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Old 23 May 2009, 14:42   #1
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MAIB report: Celtic Pioneer

The following report should be of interest to anyone operating ribs in rough water or at high speed. Especially those who do it commercially (oh, and Dr Ullman!)

http://www.maib.gov.uk/cms_resources...eer_Report.pdf
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Old 23 May 2009, 16:02   #2
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The report has some very interesting conclusions as well as some areas we all need to address, most of us have similar seating and hand rails. I will be reviewing again my safety briefings and also health and safety docs despite only updating them at beginning on May this year.
I will read it more thoroughly first but we all need to gain significant info from these reports

JK should this be in Commercial section?
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Old 23 May 2009, 17:03   #3
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Ian,

I figured it would be just as relevant to the non-commercial users and actually I think most people read both sections (or at least the titles in both!).

Neil
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Old 23 May 2009, 17:21   #4
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The extent of the injuries from landing heavily is a bit of an eye opener and it would be easy to write this off, as a one off event but this preliminary report would suggest otherwise.
http://www.maib.gov.uk/publications/completed_preliminary_examinations/completed_preliminary_examinations_2009/ocean_ranger.cfm

This also may be of interest, apologise if this is old news to you.
http://www.maib.gov.uk/cms_resources...aft%5F09%2Epdf
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Old 23 May 2009, 19:41   #5
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All interesting, if a little scary reading! It just shows how in depth every action we take is investigated when things go wrong and probably acts as a bit of a warning to slow up every now and then. Trouble is remembering this when you're having fun bouncing around in the waves!
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Old 24 May 2009, 10:31   #6
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Quote:
Originally Posted by stevelondon79 View Post
Trouble is remembering this when you're having fun bouncing around in the waves!
Speaking as someone who has lost 2 discs over the years, I don't have any trouble remembering!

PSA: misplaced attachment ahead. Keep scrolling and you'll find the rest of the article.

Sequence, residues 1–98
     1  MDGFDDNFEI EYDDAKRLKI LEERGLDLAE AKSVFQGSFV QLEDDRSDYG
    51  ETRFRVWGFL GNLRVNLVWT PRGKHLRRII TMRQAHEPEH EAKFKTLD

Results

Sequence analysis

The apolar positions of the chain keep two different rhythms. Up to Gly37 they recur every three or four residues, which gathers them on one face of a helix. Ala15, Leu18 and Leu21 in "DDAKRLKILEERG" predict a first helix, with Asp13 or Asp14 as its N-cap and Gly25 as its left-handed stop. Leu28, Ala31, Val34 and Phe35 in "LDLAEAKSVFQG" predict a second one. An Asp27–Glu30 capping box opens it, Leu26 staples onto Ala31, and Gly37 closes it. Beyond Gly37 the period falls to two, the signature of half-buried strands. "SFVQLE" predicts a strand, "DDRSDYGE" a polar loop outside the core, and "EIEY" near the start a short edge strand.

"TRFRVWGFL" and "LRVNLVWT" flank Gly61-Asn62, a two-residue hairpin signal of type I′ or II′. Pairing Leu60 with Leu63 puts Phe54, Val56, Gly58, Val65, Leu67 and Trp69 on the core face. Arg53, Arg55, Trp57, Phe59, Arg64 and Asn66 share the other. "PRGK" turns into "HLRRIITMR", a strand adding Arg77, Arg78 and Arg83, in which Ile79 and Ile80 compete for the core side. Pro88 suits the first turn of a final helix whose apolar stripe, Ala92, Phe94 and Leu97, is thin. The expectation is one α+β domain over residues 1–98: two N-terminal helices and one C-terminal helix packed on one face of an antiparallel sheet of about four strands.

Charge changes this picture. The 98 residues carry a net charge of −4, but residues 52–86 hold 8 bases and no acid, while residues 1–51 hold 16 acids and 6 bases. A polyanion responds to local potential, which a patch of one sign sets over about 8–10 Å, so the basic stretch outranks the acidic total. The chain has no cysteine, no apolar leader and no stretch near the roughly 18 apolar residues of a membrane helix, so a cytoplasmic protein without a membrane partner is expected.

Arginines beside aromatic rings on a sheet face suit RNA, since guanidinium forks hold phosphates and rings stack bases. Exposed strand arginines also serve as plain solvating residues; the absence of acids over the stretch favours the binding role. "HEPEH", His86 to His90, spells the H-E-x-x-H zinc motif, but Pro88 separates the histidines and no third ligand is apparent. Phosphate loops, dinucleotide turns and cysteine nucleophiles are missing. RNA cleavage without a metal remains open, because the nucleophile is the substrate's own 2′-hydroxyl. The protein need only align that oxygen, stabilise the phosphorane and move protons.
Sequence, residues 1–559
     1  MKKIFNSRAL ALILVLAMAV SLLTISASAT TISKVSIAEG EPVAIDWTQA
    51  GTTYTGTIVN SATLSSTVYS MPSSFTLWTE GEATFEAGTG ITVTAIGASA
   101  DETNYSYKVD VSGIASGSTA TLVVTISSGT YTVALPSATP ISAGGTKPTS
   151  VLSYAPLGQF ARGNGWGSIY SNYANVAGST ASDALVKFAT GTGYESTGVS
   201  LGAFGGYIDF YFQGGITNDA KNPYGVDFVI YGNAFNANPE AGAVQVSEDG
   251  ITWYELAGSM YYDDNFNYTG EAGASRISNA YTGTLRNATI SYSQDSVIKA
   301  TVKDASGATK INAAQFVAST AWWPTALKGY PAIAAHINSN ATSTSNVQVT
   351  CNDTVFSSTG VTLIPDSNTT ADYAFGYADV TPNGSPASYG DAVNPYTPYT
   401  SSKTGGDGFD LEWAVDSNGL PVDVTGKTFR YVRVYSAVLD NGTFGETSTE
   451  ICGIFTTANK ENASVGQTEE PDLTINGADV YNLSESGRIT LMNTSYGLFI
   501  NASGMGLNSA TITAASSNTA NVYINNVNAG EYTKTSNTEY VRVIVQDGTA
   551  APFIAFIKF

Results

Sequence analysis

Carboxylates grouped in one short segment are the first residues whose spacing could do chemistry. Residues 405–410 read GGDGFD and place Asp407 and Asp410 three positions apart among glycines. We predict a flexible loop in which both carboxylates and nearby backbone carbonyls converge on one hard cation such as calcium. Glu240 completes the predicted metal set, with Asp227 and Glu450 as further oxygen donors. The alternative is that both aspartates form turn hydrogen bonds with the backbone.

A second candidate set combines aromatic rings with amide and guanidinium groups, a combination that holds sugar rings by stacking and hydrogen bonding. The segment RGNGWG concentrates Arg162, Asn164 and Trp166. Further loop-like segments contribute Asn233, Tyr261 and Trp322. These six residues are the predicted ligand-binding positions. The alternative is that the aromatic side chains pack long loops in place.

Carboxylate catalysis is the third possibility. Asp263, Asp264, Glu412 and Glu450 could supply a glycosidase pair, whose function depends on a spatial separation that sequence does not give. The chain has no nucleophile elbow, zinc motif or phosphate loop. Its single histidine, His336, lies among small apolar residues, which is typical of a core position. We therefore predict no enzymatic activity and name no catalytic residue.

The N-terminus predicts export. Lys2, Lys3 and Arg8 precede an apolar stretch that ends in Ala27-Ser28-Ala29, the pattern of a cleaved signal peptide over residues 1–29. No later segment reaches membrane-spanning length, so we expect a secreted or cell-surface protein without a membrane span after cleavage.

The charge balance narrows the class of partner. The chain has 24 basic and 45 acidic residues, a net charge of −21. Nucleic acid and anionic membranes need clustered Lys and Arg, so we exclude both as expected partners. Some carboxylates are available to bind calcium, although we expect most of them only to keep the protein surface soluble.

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Old 24 May 2009, 14:13   #7
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I think sometimes the helms position is the most comfortable and hence the passengers or crew take a beating.
I personally have no problem in telling the helm if he/she's too enthusiastic.
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Old 28 May 2009, 08:04   #8
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Two things I found really worrying in that report - one was the length of time from reaching a safe haven to an ambulance attending (around 1 hour), but the other was the total disregard both owner and skipper had for their own operating procedures immediately after the incident. ANY spinal injury causing extreme pain to the casualty is at minimum a case for a pan call - mayday if severe pain around the upper back or neck. But a mobile phone call bypassing the Coastguard totally - I notice in the MAIBs usual coded language they raise the possibility of this being due to the company not wanting adverse publicity. For the MAIB to even raise this "possibility" usually means they're pretty damn certain that was the reason!
There was no excuse in this case - the company couldn't even say the skipper (who appeared woefully underqualified) ignored procedures - the boss was on board!
Given the amount of these injuries on this type of boat, there is a very strong case for a specific "fast passenger craft" coding annexe, part of which I believe should be for the boat first aid kit to include O2 and at the very least a KED (short spinal board) and crew training to use both - a one day course usually.
Shock absorbing seating is a desirable, but not something you're going to achieve without pricing a lot of operators out of the business.
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Old 28 May 2009, 08:53   #9
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Well there was a doctor on board so maybe that was another factor?

Why don't the skippers insist on older/fragile looking people sit further back? Less motion there of course.

Most skippers insist passengers remain seated at all times - no wonder people's backs suffer - the legs are pretty good shock absorbers.
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Old 28 May 2009, 09:35   #10
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Interesting point that, about having a doctor on board.

I instruct my crews it makes no difference - in such an example, which we ran through at this mornings meeting, the procedure is exactly the same - pan call, head for nominated landing point. The only difference is you mention to CG that a doctor is attending, after all a doctor on a boat can only do a limited amount without backup, and for spinal cases early immobilsation is the key.
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